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Do you want to be a fashion designer?

Posted on Sep 15, 2015

I have a budding fashion designer at home, and she loves any sort of activity book to do with clothes and fashion. So she was chuffed to find out that Thames & Hudson were publishing two very stylish fashion activity books, one on designing clothes, one on sewing them the latter  created and designed by Louise Scott-Smith, who is a children’s wear designer who has worked for Liberty London,  and Georgia Vaux, who is an graphic and book designer as well as an art director.

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outfitmaker_coverFashion Rebel Outfit Maker: Mix and Mismatch Styles

Fashion Rebel Outfit Maker is a great hands-on introduction to fashion design and what is really brilliant about it is that it is based on tracing, rather than drawing, giving those budding designers who might still be lacking confidence in their ability to draw a great starting point. The pack includes a great selection of cards which include over 200 templates overall, as well as a sketchpad of tracing paper with an outline over a model drawn onto each page.

 

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Young designers can overlay one on the other, choosing each accessory as they wish and creating unique outfits each time, encouraging them to investigate what their own styles might be. Some of the silhouettes are themed (“colour clash”, “future fashion” to name a few) but it is in no way prescriptive and outfit makers can choose to ignore it and do their own thing.

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My daughter loves this book. It is such a great tool to nurture creativity and individuality, and whether outfits end up looking  mainstream or completely wacky, it is the designer’s very own and she really loves that feeling of achievement. The pack is designed as a pad with pouch on the side to keep all the templates and designs, so they can pack their creations and make them on the go too, making it a great activity book to take away on trips.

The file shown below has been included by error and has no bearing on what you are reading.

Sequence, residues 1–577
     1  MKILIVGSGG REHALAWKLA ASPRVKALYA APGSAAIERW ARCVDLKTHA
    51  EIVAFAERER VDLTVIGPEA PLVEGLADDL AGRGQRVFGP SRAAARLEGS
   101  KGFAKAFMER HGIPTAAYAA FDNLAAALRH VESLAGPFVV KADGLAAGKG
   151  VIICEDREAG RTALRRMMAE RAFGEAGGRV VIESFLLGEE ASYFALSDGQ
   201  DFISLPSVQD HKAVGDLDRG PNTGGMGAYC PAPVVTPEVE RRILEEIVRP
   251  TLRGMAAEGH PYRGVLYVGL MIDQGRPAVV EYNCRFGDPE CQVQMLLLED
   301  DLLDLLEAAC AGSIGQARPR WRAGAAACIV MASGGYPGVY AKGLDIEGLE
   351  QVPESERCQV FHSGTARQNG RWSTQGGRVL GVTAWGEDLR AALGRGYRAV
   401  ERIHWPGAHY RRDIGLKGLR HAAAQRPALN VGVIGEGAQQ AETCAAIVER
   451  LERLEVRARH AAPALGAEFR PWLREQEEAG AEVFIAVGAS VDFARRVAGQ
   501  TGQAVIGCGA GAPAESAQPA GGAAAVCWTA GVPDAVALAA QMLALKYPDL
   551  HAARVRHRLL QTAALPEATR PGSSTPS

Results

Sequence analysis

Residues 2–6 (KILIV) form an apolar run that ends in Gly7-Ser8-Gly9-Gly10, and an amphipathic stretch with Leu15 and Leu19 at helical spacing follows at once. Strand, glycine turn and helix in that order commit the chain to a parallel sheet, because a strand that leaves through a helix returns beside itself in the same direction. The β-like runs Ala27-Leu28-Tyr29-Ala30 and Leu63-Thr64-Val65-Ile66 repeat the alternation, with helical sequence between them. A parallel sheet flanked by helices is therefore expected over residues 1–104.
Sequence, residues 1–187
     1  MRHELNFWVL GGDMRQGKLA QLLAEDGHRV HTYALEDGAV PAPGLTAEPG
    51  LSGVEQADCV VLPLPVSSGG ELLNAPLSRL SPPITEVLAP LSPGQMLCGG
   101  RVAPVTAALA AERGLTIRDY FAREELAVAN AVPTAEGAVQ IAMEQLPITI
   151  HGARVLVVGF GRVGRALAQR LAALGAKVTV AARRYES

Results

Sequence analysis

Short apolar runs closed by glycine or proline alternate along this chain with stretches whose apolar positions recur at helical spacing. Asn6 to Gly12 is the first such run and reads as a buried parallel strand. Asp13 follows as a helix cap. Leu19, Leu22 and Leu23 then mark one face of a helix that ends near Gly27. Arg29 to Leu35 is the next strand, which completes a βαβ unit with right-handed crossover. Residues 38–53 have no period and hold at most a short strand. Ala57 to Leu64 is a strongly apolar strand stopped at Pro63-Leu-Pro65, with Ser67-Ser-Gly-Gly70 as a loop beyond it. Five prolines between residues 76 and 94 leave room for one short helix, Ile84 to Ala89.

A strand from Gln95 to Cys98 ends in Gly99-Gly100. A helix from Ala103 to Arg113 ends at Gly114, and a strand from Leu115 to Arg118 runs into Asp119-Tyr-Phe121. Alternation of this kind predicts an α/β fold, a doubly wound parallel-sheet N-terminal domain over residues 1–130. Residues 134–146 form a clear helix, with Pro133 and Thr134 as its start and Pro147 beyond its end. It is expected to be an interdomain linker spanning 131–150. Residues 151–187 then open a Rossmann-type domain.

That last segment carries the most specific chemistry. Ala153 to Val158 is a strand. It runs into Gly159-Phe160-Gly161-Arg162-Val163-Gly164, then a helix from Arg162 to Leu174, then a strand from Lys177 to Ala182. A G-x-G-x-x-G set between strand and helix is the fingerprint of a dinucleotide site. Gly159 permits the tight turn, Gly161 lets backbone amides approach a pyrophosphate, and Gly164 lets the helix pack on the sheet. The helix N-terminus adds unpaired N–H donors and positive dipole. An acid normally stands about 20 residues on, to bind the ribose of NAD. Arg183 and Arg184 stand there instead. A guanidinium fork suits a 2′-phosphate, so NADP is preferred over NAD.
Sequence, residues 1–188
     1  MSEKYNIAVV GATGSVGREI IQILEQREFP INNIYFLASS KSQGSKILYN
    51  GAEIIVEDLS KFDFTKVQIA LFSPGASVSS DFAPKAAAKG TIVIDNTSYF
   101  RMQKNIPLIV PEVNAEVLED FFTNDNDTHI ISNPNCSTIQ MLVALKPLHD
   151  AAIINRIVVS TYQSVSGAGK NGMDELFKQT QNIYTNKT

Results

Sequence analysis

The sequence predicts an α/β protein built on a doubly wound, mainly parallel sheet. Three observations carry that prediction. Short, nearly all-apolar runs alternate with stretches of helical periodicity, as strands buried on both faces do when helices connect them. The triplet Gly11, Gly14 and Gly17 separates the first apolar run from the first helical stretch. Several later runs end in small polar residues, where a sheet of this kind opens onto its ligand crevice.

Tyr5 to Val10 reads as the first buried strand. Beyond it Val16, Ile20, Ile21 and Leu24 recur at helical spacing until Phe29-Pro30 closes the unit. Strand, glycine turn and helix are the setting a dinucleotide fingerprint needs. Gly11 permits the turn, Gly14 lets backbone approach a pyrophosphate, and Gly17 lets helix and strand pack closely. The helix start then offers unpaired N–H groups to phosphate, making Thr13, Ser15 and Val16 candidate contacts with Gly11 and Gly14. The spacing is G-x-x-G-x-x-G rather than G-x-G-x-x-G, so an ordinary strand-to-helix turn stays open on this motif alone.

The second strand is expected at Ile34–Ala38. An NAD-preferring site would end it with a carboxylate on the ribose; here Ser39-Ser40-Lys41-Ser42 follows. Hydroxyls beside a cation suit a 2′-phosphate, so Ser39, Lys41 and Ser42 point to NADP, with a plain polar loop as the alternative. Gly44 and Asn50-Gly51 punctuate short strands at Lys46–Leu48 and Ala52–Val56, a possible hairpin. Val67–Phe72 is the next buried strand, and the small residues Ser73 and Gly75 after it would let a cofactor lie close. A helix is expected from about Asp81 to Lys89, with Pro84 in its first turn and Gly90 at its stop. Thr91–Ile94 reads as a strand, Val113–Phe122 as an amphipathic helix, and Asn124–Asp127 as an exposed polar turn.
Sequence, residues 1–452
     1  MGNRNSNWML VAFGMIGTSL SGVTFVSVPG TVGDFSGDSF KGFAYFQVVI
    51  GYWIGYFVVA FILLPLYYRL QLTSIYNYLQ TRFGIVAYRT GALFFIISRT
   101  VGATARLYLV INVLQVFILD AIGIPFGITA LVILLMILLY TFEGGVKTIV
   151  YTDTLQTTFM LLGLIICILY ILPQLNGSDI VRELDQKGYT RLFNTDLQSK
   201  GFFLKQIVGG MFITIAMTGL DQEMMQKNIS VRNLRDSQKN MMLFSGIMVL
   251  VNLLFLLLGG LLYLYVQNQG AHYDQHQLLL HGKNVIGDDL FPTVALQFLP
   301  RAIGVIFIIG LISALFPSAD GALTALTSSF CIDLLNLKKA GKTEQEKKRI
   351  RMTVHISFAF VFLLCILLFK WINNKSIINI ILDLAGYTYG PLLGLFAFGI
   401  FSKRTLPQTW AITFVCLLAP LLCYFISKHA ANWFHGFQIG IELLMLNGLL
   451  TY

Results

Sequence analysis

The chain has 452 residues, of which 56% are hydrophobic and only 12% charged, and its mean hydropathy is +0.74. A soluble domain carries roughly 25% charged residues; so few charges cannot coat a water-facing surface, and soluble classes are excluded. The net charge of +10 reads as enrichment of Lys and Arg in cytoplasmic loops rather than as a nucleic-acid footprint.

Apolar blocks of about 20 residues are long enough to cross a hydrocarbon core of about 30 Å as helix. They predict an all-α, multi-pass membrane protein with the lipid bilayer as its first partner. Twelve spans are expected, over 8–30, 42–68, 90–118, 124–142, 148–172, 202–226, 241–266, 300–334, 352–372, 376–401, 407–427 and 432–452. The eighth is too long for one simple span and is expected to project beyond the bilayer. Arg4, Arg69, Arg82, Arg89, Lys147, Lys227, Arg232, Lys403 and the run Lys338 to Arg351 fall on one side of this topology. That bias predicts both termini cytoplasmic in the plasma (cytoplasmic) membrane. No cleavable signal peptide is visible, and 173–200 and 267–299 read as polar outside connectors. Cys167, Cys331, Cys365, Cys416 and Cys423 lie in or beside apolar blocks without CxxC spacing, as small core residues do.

dolls_coverI Can Make Dolls’ Clothes

This beautifully packaged little hardback book offers a myriad of simple patterns to create clothes for dolls. They will fit all standard 30cm dolls, so there is no need to use a branded doll for the purpose of this book; we certainly didn’t. Whether it is an A-line skirt or a faux-fur coat, there is something for every one to get their little hands on. The patterns are the right size, the instructions very clear and paced well across the pages so children do not feel overwhelmed when following them.

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I cannot fault the design of this book; it really is a beautiful book to leaf through. But of course we wanted to have a go, and my daughter decided she wanted to make the A-line coat. We were missing a few of the times needed but decided to give it a try anyway. This is how she got on, in pictures:

 

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It didn’t turn out quite how she wanted but wasn’t bad for a first go. However, after this first try, I do feel  a word of caution is needed: the book is supposed to be 7+, but my 10 year-old did struggle with some of the more fiddly bits (as the clothes are so small) and did need some assistance for some of it. This is in no way a criticism of the book which I would still recommend you to check out, but I certainly think it is better suited to slightly older children who will be a little bot more dexterous.

Both books will undoubtedly inspire readers to think more about designing and sewing clothes and will be a great addition to any aspiring fashion designer’s collection.

 

Source: review copies from publisher

 

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